I passed within a few hundred feet of icebergs big as battleships, fortresses, cathedrals and islands, and thousands of smaller chunks gently drifted past in the Arctic currents. Some of this ice will float more than 2,500 miles south before melting at latitudes of around 40 degrees, the latitude of New York.
The ice took all shapes, and openings in some icebergs were large enough to tempt our little red fishing boat to sail through (we didn't). We crunched over ice the size of cars.
Aqua water outlined the seven-eighths of ice below the surface, and small, clear bits -- frozen rain trapped maybe thousands of years ago and now freed -- float pure and sweet around us, like crystals in the sun.
A partly unfrozen bay in Greenland. In the past it was completely frozen.
Despite the warming trend, ice and snow surrounded me in Greenland. I gingerly walked on it, and dog-sledded for hours along steep, white, glistening fields behind a fan of fifteen Greenlandic dogs and an Inuit driver sharing my sledge. And from the little red Dash-7 Air Greenland plane I gazed down on thousands of bergs in the sea, white polka dots on blue velvet.
Looking inland, the vast icecap stretched as far as I could see. Near Kangerlussuaq, the air hub where we made connections, I stepped onto this huge remnant from the last ice age.
I'm no expert on climate change, but I did talk to dozens of locals, mainly fishermen, who make their living at the Royal Greenland fisheries from these waters. Some of what they said:
-- The water temperature is two or three degrees warmer than in the recent past.
-- Cod have moved to the area, and shrimp have moved further north. Fishermen have not been able to ice fish recently, and they can now sail into previously icebound fjords year round.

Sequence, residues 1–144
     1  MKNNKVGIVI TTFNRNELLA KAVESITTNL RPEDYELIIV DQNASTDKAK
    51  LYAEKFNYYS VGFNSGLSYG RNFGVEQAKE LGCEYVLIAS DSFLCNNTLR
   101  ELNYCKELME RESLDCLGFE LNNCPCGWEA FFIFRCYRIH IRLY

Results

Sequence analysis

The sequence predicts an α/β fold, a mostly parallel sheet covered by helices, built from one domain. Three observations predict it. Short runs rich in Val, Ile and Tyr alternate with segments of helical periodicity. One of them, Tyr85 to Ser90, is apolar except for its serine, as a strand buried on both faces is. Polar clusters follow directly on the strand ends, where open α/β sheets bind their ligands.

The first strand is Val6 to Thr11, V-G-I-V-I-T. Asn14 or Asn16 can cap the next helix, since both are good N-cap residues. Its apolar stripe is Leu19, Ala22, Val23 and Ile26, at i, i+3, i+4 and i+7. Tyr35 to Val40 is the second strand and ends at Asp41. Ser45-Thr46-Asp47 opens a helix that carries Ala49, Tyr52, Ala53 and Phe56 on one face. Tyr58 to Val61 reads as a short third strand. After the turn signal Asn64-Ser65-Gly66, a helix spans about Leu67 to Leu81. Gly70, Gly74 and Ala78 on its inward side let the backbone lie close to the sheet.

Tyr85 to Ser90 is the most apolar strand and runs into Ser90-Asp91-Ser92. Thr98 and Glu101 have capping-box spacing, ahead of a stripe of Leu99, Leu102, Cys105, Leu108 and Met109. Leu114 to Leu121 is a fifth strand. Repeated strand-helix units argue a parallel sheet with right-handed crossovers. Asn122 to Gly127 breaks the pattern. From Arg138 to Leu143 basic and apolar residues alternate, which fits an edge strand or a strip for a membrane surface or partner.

-- Sealers and whalers in Qaanaaq in north Greenland, say that the sea ice is three feet thinner today than earlier.
-- For the past dozen years or so the Ilulissat harbor has not frozen, and it always did before.
People are reacting to this and Greenland is becoming a world center of climate research. Three Ilulissat warehouses are now Kangia Ice Fjord station, where scientists and researchers study climate change on a regular basis.
And it's getting worse. Besides these iceberg-clogged Arctic waters, a couple of weeks after I returned from Antarctica, the Wilkins ice shelf, 160 square miles wide, broke off near the western peninsula, near waters where I had been cruising.
Questions may still exist as to the speed of declining ice, but facts now show it is declining faster than ever recorded. And this year's extreme weather has only underlined the obvious.
What can we do? And can we get our act together and take a world view before we destroy the planet and ourselves?
Witnessing the silent white/blue coldness of ice shelves, ice caps, glaciers and icebergs in our polar regions is life-altering. How can all countries not be moved to go green in every way possible, when the white of the world seems to be melting before our eyes?
Walking -- in six layers and many pounds of sealskin -- on a still-frozen Arctic bay in April, 2008. Much of this bay has stopped freezing in the past dozen years.
John McCain, Nancy Pelosi and other pols have already made the pilgrimage to Greenland's melting icecap. They, like me, were probably shocked by the sea of floating ice, beautiful yet bittersweet. And despite this, politicians remain dismaying and intransigent.
When can we come together to act responsibly as citizens of this precious earth?